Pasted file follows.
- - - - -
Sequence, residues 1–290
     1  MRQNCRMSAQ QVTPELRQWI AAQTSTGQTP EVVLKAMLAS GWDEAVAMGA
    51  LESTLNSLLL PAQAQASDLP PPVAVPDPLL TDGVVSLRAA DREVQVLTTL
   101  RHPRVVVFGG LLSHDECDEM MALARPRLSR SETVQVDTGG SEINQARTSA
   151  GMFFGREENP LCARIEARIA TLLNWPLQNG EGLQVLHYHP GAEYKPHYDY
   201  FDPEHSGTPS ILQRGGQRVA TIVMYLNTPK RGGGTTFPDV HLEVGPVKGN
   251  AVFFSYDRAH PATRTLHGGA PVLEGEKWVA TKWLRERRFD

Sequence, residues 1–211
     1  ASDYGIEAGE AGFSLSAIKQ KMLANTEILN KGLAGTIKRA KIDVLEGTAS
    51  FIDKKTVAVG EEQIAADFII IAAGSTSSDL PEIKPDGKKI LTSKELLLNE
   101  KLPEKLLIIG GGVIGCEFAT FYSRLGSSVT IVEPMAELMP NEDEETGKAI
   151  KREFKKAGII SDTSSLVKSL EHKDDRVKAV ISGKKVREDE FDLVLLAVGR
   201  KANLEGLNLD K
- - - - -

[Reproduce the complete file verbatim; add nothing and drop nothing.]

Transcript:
Sequence, residues 1–290
     1  MRQNCRMSAQ QVTPELRQWI AAQTSTGQTP EVVLKAMLAS GWDEAVAMGA
    51  LESTLNSLLL PAQAQASDLP PPVAVPDPLL TDGVVSLRAA DREVQVLTTL
   101  RHPRVVVFGG LLSHDECDEM MALARPRLSR SETVQVDTGG SEINQARTSA
   151  GMFFGREENP LCARIEARIA TLLNWPLQNG EGLQVLHYHP GAEYKPHYDY
   201  FDPEHSGTPS ILQRGGQRVA TIVMYLNTPK RGGGTTFPDV HLEVGPVKGN
   251  AVFFSYDRAH PATRTLHGGA PVLEGEKWVA TKWLRERRFD

Sequence, residues 1–211
     1  ASDYGIEAGE AGFSLSAIKQ KMLANTEILN KGLAGTIKRA KIDVLEGTAS
    51  FIDKKTVAVG EEQIAADFII IAAGSTSSDL PEIKPDGKKI LTSKELLLNE
   101  KLPEKLLIIG GGVIGCEFAT FYSRLGSSVT IVEPMAELMP NEDEETGKAI
   151  KREFKKAGII SDTSSLVKSL EHKDDRVKAV ISGKKVREDE FDLVLLAVGR
   201  KANLEGLNLD K